Thursday, June 22, 2017

the "she'lo lishma" rebellion

1. According to Avos the machlokes of Korach exemplifies machlokes she'lo l'shem shamayim.  Isn't that a strange statement?  The whole problem with Korach's machlokes is that it was she'lo lishma?!  That's like telling a guy who drives to the Reform temple to daven on Shabbos morning that his tefilah is lacking because he doesn't have proper kavanah.  That's the least of the problems!  Here Korach undermined the authority of Moshe and brought the whole transmission of Torah into question and our problem is whether he said a l'shem yichud and did it lishma or not?!

If indeed Korach's argument had even some theoretical validity and it's only the she'lo lishma that's the problem, why is that such a big deal?  Mi'toch she'lo lishma ba lishma!  Sefas Emes writes that you see from here that machlokes is an exception to the rule.  A machlokes can be constructive -- halacha is enriched by the debates and machlokes throughout sha"s -- but that's only a machlokes undertaken purely l'shem shamayim for the sake of Torah.  A machlokes with an ulterior motive results only in destruction.

Maybe the key to the Mishna is a Netziv in P' Acharei Mos  that we discussed here.  Netziv posits that even though a person should learn Torah even she'lo lishma, one cannot be mechadesh in Torah and innovate new practices unless one's motives are pure lishma.  Had Korach expressed his innovative ideas, "ki kol ha'eidah kulam kedoshim," purely l'shem shamayim, perhaps he would have gone down in history as the intellectual foil to Moshe, the Shamai of his generation, a view that was rejected, but a view that had validity.  However, since Korach acted she'lo lishma, his views by definition were no longer a chiddush, but rather were a distortion of Torah.  

2) According to Ibn Ezra the story of Korach's rebellion really took place much earlier, when the Levi'im were selected to take on the role formally assigned to bechorim.  The bechorim were unhappy with losing their jobs; the Levi'im were unhappy at being assigned to role of helpers to kohanim; the stage was set for rebellion.  Ramban disagrees, as, in general, Ramban takes a far more conservative position when it comes to re-ordering parshiyos.  According to Ramban the parshiyos are written in chronological order and the rebellion occurred after after the episode of the spies, after the people were reeling from having heard that the dream of entering Eretz Yisrael would not come to fruition during their lifetime.  Korach was able to use that disillusionment to his advantage in pressing long held grievances of his own.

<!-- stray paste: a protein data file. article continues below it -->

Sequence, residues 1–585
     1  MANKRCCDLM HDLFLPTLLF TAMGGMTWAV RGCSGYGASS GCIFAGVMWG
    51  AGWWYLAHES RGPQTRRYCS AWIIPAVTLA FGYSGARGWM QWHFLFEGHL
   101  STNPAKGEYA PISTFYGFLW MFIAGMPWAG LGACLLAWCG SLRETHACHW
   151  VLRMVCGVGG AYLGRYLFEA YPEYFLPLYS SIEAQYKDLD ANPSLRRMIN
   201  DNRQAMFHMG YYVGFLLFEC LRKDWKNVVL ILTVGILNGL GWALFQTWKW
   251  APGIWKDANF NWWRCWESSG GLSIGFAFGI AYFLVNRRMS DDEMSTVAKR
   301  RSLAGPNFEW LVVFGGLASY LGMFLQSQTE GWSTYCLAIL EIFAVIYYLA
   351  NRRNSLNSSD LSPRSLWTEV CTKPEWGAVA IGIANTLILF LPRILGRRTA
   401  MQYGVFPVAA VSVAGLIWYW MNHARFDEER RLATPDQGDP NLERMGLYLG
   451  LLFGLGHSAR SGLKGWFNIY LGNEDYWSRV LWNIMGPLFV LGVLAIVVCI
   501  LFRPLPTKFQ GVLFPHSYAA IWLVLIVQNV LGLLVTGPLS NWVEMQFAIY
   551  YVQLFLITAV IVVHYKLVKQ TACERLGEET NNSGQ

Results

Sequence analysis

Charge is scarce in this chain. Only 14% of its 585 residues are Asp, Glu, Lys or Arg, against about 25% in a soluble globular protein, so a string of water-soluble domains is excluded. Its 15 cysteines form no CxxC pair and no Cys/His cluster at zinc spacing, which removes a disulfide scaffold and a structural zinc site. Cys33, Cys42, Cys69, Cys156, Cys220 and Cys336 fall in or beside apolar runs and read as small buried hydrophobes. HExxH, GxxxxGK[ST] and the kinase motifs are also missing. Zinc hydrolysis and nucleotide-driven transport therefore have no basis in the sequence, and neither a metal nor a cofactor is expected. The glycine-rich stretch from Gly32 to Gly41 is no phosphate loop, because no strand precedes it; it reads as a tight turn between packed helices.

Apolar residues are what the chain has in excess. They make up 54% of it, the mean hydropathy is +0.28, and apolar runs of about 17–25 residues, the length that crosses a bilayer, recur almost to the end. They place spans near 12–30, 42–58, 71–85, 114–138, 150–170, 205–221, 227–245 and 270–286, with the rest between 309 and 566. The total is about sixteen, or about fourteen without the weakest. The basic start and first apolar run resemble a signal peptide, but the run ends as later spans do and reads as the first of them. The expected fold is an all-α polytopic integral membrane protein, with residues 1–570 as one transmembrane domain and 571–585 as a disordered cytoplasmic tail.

What is Rashi's view on this issue?  On the one hand, Rashi at the beginning of Korach cites the Midrash that says that Korach mockingly asked Moshe whether a talis completely dyed with techeiles needs a techeilis string of tzitzis -- the Midrash sees the Korach story as following the parsha of tzitzis, which itself is part of the response to the story of the spies.  This seems to accord with Ramban's view.  On the other hand, Rashi in the beginning of Shlach asks why the Torah juxtaposes the story of the spies with the story of Miriam's lashon ha'ra.  The implication of Rashi's question is that these stories are not written in chronological order, otherwise chronology itself would be a valid reason for the juxtaposition.  What is the out of order parsha that should chronologically appear between the Miriam story and that of the spies?  Mizrachi suggests that perhaps the answer is Korach's rebellion. (Mizrachi does not see a need to reconcile these two Rashis.  He argues that Rashi need not be consistent; Rashi can adopt one Midrashic view in one place and a different view elsewhere depending on the local textual problem he is trying to address.  See Maharal in Gur Aryeh who disagrees.)  

According to this latter view, we don't have the disillusionment that followed the episode of the spies as a motivating factor in the success of the rebellion; we don't have the immediate role changes of Levi'im and bechorim that Ibn Ezra focused on.  What we do have is the parsha of Eldad and Meided prophesizing that Moshe would die before completing his mission.  What we do have is Moshe himself saying that were it only the case that everyone could be a navi.  What we do have is Miriam equating to some degree Moshe with herself and Aharon and not recognizing his uniqueness.  Perhaps that context explans why the call of "ki kol ha'iedah kulam kedoshim" took on greater meaning.  If everyone could be a prophet, if all prophets were to some degree the same, then why not spread authority to all?